Human faces, snowflakes, violins, the Eiffel Tower — so much of our world is symmetrical, it’s no wonder the eye is drawn to things with a mirror-image quality, including interiors. No matter your decor style, embracing symmetry can help your space look its best. Whether you’re bringing grandeur to a small space or doing more with your art collection, here are 10 reasons to work symmetry into your rooms.

Tankless Water Heaters | Armonk Homes

Several months after my husband and I and our two kids moved from the US to a space-efficient flat in London, I dragged our contractor into the back of one of our bathrooms to show him a strange, small silver box mounted on the wall and asked if he could remove it. “Not a good idea,” he said. “It’s your water heater.”

Long favored in Japan and Europe where square footage is at a premium, tankless water heaters provide hot water on demand when you need it. According to the EPA, residential electric water heaters are the second highest energy users in American households: “The energy consumed by your refrigerator, dishwasher, clothes washer, and dryer combined use less energy than your current standard water heater.” Tankless water heaters offer big savings in energy use and space. The question is: Can these little units cater to the water heating needs of larger homes? Read our primer to find out if a tankless water heater should be on your house remodeling or tank replacement short list.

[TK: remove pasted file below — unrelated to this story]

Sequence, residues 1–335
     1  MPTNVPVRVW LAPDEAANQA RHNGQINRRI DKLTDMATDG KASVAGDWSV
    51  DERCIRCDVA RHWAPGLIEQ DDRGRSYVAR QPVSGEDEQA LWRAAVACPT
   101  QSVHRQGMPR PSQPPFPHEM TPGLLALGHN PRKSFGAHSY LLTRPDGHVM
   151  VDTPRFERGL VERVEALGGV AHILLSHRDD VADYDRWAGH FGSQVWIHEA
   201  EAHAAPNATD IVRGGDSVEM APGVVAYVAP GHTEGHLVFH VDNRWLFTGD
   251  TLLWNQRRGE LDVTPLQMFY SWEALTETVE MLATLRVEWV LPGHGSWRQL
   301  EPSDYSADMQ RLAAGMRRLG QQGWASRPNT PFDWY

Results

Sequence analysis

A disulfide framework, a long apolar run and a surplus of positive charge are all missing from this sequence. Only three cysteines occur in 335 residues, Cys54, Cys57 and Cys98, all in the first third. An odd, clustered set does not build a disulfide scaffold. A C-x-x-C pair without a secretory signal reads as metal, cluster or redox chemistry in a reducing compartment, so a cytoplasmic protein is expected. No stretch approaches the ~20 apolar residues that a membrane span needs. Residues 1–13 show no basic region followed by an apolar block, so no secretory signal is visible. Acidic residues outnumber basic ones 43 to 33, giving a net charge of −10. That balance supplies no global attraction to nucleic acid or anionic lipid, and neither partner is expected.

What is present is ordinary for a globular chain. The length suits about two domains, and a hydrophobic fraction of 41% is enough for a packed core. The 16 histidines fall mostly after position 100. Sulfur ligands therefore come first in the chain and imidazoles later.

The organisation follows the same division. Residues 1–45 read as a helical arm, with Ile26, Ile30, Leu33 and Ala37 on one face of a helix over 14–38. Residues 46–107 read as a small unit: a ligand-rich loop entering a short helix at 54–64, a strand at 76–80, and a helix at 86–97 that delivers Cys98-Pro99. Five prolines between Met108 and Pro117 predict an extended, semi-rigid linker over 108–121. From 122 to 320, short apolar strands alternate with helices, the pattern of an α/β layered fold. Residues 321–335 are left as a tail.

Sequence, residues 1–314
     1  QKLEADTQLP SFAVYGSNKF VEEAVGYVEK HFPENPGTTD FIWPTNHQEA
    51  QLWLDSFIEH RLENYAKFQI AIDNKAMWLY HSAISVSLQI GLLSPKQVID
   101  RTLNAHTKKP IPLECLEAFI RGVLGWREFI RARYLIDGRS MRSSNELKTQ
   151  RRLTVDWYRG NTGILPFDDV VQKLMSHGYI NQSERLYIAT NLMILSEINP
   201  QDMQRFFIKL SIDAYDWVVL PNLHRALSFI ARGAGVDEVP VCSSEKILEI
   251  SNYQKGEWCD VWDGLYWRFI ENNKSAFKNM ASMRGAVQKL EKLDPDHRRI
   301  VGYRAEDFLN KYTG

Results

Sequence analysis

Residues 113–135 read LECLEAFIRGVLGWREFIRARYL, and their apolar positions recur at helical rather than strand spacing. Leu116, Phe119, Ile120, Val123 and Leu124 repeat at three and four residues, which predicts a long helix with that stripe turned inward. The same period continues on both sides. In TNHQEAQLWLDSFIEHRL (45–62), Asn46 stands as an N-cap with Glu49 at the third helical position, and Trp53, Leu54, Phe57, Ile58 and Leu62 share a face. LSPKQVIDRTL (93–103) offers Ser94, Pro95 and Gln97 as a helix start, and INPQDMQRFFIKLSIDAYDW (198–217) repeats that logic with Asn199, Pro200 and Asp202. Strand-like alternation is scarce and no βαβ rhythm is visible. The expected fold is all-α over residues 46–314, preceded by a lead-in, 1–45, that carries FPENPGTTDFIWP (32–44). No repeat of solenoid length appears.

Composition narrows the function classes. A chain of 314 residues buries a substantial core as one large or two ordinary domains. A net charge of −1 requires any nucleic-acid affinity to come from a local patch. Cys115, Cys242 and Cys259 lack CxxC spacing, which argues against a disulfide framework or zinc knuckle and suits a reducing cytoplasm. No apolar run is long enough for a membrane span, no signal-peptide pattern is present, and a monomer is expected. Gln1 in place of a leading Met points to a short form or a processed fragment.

Michaelis Boyd Architects Bathroom, Remodelista

Michaelis Boyd Architects Bathroom, Remodelista

Above: A London bathroom by Michaelis Boyd Architects.

With the help of a demure tankless water heater that barely took up any space in our London flat, four of us bathed, showered, washed clothes, and otherwise ran hot water without ever experiencing shortages or wars over water pressure.

What is a tankless water heater and how does is work?

Unlike standard water heaters that keep water hot and ready for use at all times in insulated 20- to 80-gallon tanks, tankless models don’t store hot water, they heat on demand. When a hot water tap is turned on, cold water runs through a pipe into the unit where a flow sensor turns on a gas burner or an electric element to heat the water to the desired temperature. When the hot water tap is closed, the flow sensor turns off the burner.

Tankless Water Heater Diagram, Remodelista

Tankless Water Heater Diagram, Remodelista

Above: The inner workings of a gas-powered tankless water heater. Image via Better Water Heaters.

How are tankless water heaters powered?

Tankless water heaters can be fueled by gas (natural or propane) or electricity. Gas-powered units require venting (just like standard tank heaters). Most gas models also have electronic controls, so an electric outlet is needed. Full electric tankless heaters don’t need venting but have minimum voltage and AMP requirements—consult a professional to be sure your power is adequate.